Majority of movie-goers never opt for the popcorn alone. Oh no. God forbid. There has to be something to wash down all the garbage with.

Introduce the soda – the silent killer. Or perhaps a diet coke to keep things healthy?

The healthy combo 🙂

I’m not going to get into the harmful effects of coke (again, not that coke), but you might want to check out the dark side of diet coke.

Hopefully you can see how quickly these things can add up. What you thought was going to be a relaxing two hour romantic comedy has just turned into a gruesome horror flick for you and your midsection.

If you want to be a fitness bloomer, these are the kinds of things you have to avoid. These are the things you have to eliminate from your diet.

Now I’m not saying you have to completely skip out on eating at the movies. It’s not like that. I understand that sometimes you want to have (or share) a snack when sitting down at the theatre. I get it.

All I want for you to understand is that there is a reason movie theatres don’t make nutritional information accessible to the public.

Are you a popcorn fiend? Do these findings surprise you? Are there any alternatives to popcorn you can recommend? Please share your thoughts and opinions in the comments below.

24 thoughts on “Bulletin: Watch the Movie, Skip the Popcorn”

  1. Being both a popcorn fanatic and fitness freak, this post breaks my heart a little. I knew somewhere deep down that popcorn was horrible for you, but I never mustered the courage to look up the stats myself. After reading your article, I know to avoid popcorn – even on cheat day. Nice post, btw!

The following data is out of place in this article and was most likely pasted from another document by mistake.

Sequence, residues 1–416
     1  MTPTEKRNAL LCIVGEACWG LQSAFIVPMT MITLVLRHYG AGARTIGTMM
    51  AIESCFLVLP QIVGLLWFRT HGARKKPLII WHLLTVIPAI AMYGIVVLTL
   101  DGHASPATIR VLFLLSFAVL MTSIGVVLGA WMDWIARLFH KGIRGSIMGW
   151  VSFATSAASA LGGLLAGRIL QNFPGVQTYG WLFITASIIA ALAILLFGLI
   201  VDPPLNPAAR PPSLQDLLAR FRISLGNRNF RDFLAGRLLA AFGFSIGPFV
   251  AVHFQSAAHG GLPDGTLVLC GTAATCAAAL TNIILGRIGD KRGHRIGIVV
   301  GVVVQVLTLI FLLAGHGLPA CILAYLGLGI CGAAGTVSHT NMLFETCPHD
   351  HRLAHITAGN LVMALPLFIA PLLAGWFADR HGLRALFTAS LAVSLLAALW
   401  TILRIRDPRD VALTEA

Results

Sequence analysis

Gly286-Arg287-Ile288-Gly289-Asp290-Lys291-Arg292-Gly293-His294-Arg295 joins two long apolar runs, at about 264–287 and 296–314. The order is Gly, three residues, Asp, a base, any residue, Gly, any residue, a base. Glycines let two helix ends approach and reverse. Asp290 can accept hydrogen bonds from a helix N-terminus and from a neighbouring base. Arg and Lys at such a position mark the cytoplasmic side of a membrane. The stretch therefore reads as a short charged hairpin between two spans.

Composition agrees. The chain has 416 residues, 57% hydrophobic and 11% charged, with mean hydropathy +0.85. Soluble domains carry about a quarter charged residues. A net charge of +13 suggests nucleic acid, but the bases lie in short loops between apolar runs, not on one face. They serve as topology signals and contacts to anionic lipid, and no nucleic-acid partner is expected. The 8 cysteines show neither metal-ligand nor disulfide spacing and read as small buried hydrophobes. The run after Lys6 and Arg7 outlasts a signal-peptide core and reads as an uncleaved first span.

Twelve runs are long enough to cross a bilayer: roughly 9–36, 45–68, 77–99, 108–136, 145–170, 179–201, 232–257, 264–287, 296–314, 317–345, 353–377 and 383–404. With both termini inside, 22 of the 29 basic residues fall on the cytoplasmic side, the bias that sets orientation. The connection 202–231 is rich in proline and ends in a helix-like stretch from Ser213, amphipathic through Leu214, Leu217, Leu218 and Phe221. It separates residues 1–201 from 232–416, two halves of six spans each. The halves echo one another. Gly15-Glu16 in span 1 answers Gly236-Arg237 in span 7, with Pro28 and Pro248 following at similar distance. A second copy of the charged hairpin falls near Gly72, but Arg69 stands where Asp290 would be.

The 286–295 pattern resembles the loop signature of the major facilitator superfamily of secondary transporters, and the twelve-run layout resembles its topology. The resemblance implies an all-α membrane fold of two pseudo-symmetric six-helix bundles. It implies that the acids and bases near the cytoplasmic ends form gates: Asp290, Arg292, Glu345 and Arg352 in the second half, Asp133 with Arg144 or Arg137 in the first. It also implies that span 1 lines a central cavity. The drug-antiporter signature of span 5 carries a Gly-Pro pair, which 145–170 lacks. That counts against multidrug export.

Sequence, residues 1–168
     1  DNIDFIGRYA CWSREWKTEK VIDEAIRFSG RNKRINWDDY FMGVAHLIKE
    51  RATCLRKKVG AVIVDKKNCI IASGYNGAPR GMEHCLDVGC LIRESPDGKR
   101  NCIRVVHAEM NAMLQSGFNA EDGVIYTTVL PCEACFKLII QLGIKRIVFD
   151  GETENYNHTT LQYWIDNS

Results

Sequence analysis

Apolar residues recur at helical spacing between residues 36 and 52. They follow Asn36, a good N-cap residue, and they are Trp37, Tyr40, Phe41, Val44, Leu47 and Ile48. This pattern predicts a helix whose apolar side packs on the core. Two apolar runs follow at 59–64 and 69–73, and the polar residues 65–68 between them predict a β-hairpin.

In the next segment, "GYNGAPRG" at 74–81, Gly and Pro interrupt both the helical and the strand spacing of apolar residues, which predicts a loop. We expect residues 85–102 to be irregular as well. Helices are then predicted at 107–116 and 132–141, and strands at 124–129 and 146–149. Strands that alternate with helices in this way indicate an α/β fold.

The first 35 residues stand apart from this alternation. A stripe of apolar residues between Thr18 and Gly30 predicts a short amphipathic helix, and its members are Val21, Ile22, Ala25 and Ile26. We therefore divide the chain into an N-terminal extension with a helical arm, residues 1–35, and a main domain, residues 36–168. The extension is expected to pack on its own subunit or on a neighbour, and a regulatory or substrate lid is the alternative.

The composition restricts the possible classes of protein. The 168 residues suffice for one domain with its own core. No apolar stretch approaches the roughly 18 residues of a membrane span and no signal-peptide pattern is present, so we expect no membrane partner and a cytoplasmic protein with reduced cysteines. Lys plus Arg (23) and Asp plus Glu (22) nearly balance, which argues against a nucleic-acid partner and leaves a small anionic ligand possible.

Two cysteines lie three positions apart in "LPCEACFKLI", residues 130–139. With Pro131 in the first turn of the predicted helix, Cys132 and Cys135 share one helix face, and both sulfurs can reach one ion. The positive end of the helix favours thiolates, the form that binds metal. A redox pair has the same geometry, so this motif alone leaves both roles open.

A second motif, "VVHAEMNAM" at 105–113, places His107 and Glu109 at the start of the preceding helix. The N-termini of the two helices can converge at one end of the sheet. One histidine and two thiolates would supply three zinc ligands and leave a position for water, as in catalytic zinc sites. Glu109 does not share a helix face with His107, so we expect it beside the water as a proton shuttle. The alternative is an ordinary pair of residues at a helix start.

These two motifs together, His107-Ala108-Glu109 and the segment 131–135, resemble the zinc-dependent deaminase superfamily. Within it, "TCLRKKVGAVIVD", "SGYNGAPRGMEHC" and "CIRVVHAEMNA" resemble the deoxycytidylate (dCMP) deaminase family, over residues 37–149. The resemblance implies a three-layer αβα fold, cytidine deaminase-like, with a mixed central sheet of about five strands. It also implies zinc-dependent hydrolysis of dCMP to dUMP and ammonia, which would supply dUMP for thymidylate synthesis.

2. Srdjan,

    Those are some pretty outrageous numbers. Actually, I think it’s outrageous that going to the movies these days even without buying stuff from the concession stand has become so expensive. I’d much rather invest in a big screen tv, stay in, watch a Redbox DVD for $1, and get my own popcorn from the supermarket (I imagine there must be way lower calorie options available).


    1. It’s funny because I don’t go to the movies very often but every time I do the admission prices have somehow increased. Then there’s the food prices – I think popcorn itself is one of the most marked up food items in the world – it costs them cents to make yet they have the willingness to sell it for $6-$10. A little crazy if you ask me.

      But there definitely are lower calorie, fat, and sodium options. My question is when are the theatres going to start changing to these healthier options??